What you strive for I think is something like Diablo Online.

Edited, Jun 14th 2009 7:06am by Maldavian
#30 Jun 14 2009 at 2:51 AM Rating: Good
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Quote:
I think that partying should be made so good or soloing so bad that players would want to group up at all times- I don't think that player should get "good enough" exp as solo, so that he may think that partying would be meaningless.


I hate to be blunt, but

English speaking MMORPGs aren't known for their fantastic player bases. Even FFXI, which supposedly had a good one. There are a lot of younger players who aren't good communicators, rude people, immature AND rude people with poor senses of humor, power-gamers that demand everyone play the "best" way, and everything in between.

And sometimes I want to play and enjoy the game without being subjected to all this. I honestly would refuse to play a game where I would be punished (unable to even level up at something resembling a decent speed) for not wanting to put up with, well, humans. People are people, and it's not like I'm complaining that the community needs to change. But I shouldn't be punished because that community sometimes makes me want to play on my own.
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#31Maldavian, Posted: Jun 14 2009 at 2:59 AM, Rating: Sub-Default, (Expand Post) Not wanting to put up with humans ,,, hmm,, let me see,,, did it occur to you that 99% of all games in the world are actually offline based and thus you eliminate the need to interact with humans. So my suggestion is look around, broaden your horizon and pick a game that is not a MMO.
#32 Jun 14 2009 at 3:09 AM Rating: Decent
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#33 Jun 14 2009 at 3:26 AM Rating: Decent
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The major issue with having large parts of the game soloable is that it homogenizes the game and makes it a lot less interesting in the long run. How would you expect a bard or a white mage equivalent type of class to be able to kill stuff as fast as a pure damage dealing class? Of course they'll have to add proper DPS skills to those classes. Same thing goes for the pure damagedealers, they'll have to get abilities to recover health to lessen downtime. I've played many MMO's since EQ1, so I can draw alot of conclusions from them. In games where you have ways to solo and party to progress your character, a vast majority will solo, even if party:ing may yield some better items and is better xp/hour. Even with party:ing being slightly better xp/hour, a lot of people just don't want to get involved with a group unless absolutely required.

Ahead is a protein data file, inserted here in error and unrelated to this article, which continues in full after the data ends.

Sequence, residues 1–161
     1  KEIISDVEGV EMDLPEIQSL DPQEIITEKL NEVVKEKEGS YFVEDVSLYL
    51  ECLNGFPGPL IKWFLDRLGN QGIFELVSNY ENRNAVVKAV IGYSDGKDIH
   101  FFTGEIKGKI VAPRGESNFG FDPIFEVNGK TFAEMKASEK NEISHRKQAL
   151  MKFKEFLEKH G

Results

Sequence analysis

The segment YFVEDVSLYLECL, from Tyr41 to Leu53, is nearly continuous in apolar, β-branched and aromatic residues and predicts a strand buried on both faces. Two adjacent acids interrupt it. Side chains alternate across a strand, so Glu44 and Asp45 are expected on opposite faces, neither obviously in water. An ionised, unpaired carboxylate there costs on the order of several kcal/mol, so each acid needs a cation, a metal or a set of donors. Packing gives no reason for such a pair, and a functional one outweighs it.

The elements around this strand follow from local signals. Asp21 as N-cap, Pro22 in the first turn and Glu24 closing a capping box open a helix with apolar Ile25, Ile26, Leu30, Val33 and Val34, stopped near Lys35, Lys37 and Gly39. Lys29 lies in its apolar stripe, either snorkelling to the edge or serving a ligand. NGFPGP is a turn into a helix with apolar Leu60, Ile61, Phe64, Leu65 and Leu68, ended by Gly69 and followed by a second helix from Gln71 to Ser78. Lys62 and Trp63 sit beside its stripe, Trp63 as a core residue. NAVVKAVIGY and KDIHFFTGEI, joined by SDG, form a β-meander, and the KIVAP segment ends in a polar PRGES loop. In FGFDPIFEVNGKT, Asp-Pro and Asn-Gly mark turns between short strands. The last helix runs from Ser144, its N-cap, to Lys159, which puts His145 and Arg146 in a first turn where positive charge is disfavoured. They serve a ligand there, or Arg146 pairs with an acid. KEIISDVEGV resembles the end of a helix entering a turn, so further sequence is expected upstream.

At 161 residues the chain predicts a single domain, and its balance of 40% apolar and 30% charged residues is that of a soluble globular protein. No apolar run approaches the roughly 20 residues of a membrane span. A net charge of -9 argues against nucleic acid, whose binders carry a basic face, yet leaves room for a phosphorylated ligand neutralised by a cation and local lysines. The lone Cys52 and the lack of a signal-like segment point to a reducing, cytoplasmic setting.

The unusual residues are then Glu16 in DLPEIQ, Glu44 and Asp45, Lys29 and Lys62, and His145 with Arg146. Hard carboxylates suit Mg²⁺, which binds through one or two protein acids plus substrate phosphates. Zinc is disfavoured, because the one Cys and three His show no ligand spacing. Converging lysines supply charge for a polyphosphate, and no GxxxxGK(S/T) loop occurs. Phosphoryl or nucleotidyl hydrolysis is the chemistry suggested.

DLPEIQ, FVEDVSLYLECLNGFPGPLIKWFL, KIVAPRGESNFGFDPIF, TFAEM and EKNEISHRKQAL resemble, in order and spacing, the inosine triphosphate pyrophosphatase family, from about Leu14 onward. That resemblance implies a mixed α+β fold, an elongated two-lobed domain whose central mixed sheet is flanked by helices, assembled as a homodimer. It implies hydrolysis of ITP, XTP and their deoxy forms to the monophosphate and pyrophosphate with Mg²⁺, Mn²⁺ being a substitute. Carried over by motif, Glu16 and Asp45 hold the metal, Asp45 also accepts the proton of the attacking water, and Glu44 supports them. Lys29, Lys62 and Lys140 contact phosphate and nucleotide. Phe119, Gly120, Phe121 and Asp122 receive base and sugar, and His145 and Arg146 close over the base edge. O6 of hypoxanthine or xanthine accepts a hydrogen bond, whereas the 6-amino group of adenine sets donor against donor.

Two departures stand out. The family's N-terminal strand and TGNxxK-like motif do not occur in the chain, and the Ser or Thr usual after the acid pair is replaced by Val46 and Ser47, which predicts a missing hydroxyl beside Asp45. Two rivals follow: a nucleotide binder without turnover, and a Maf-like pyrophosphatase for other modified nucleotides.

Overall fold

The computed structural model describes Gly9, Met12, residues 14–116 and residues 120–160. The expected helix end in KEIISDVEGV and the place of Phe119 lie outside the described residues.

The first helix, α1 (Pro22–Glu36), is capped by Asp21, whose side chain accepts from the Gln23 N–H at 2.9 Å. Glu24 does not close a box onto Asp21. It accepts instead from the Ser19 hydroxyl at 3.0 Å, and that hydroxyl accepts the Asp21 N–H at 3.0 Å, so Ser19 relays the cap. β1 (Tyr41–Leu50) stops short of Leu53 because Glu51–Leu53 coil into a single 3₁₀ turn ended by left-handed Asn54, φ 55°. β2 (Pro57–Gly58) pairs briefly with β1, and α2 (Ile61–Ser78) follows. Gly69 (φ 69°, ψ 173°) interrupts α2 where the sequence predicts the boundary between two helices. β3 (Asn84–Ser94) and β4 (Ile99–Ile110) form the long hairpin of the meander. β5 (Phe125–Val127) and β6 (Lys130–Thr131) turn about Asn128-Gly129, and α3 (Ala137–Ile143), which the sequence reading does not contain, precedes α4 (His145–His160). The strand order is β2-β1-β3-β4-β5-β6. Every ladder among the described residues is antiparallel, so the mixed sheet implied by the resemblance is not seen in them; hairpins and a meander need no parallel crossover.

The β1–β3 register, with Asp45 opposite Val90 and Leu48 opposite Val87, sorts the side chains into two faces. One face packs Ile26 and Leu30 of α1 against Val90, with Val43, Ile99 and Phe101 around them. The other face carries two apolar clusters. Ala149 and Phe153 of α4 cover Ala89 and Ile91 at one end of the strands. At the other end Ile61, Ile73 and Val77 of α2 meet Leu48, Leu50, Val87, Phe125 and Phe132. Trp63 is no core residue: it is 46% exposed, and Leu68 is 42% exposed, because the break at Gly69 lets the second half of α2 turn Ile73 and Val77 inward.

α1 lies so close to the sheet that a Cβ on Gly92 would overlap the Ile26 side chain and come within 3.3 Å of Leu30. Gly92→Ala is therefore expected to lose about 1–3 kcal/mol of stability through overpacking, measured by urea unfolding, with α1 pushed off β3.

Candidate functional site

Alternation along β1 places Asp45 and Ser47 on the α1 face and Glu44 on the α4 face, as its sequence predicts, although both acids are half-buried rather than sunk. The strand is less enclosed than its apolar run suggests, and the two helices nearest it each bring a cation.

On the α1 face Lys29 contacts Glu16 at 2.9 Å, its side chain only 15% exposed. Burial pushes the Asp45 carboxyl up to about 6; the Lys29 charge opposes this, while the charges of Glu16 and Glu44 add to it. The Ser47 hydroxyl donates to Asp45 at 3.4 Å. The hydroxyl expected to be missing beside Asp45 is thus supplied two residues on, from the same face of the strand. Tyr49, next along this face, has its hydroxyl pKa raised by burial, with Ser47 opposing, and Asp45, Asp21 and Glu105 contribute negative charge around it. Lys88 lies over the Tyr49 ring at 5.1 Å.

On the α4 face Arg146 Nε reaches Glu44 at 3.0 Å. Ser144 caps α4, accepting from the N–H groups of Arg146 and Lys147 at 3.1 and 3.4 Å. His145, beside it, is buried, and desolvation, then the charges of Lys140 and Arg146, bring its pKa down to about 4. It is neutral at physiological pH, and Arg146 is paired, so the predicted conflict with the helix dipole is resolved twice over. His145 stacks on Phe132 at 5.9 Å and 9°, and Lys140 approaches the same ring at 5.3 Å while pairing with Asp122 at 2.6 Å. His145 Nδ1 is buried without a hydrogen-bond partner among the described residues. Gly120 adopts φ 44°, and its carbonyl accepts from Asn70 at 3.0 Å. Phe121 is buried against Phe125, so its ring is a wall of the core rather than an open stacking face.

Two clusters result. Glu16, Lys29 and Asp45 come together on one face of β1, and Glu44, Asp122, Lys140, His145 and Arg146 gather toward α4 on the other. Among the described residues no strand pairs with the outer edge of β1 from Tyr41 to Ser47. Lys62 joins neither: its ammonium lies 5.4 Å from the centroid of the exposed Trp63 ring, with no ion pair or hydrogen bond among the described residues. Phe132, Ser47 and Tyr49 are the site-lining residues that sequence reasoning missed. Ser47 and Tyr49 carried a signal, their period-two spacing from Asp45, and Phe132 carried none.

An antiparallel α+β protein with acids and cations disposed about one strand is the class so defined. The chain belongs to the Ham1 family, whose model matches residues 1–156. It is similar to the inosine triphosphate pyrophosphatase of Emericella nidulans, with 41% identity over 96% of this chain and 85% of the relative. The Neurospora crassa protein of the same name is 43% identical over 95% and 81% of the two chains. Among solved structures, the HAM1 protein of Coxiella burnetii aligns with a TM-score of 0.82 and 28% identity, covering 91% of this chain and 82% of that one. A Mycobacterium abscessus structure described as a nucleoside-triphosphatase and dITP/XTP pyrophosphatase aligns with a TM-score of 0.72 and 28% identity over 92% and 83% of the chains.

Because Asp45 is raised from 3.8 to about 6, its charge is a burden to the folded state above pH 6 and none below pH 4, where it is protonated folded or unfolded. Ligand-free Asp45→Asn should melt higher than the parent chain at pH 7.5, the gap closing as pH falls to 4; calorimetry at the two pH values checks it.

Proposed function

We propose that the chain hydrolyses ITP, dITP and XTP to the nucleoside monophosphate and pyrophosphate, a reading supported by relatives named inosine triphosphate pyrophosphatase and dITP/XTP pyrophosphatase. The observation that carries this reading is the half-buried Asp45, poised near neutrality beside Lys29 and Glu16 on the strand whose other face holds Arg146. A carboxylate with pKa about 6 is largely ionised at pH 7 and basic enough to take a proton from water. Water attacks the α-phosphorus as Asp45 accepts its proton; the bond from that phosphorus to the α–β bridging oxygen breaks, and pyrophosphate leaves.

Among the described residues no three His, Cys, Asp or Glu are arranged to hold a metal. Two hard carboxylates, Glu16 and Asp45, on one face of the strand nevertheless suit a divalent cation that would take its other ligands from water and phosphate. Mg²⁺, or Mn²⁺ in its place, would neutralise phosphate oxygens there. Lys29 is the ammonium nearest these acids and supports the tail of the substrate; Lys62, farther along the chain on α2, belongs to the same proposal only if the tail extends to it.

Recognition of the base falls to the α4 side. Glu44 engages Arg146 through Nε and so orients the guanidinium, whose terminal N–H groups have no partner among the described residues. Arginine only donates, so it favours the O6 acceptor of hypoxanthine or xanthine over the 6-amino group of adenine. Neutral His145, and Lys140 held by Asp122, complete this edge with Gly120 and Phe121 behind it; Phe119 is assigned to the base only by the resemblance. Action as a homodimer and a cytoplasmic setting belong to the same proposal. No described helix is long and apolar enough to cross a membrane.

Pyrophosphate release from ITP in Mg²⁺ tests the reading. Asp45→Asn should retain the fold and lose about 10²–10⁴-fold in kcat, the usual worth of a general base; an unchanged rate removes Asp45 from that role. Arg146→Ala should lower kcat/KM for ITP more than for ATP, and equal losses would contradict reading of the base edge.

It has destroyed any kind of flavour World of Wacraft had, making many classes similar to eachother, since everyone basically needs a way to dps and being able to take damage without dying their *** off. Of course, since the game is only marketed towards the extreme casual players, the content has taken a big hit in that regard too, and I remember being able to finnish the lastest expansion (Wrath of the Lich King) in about 7 days, getting to max levels, having done all the 5-man instances available, 80% of the quests and clearing all raid-instances. That's not my idea of fun gaming.

Edited, Jun 14th 2009 7:29am by muppenz
#34 Jun 14 2009 at 3:44 AM Rating: Default
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muppenz wrote:

It has destroyed any kind of flavour World of Wacraft had, making many classes similar to eachother, since everyone basically needs a way to dps and being able to take damage without dying their *** off. Of course, since the game is only marketed towards the extreme casual players, the content has taken a big hit in that regard too, and I remember being able to finnish the lastest expansion (Wrath of the Lich King) in about 7 days, getting to max levels, having done all the 5-man instances available, 80% of the quests and clearing all raid-instances. That's not my idea of fun gaming.

Edited, Jun 14th 2009 7:29am by muppenz


Haha, clearing Wrath of the Lich King in 7 days, welcome to World of Casualcraft ;D
#35 Jun 14 2009 at 3:48 AM Rating: Decent
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Muppenz,

I wasn't refering to killing ability when I made the thread. I expect a healing class to take a long time to solo a mob that a DD could kill fairly quick. This is partially offset by a resting time, but the disadvantage (read fun challenge for some) is to DD with a squishy mage. By no means do I want WHM types doing physical dmg on the same scale as a WAR type.

I also don't want to spend 10-15 minutes soloing EMs for small gains on a DD (such as THF or RNG were on a lot of mobs in XI)

Not that it matters, the defualt police have awoken and the thread is derailed.
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#36 Jun 14 2009 at 5:00 AM Rating: Decent
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Well, as it has been already state, if you make solo = group than solo is always going to be the preferred method. It's simply easier to just head out and kill things than trying to form a group up. Making a group means you have to find 4 more players to start with, then depending on how the gameplay is you have find certain job/classes such as tanks and healers. In WoW I've seen it take 15mins to 2 hours trying to get a group start to do a simple instances simply because nobody was on or nobody wanted to do it.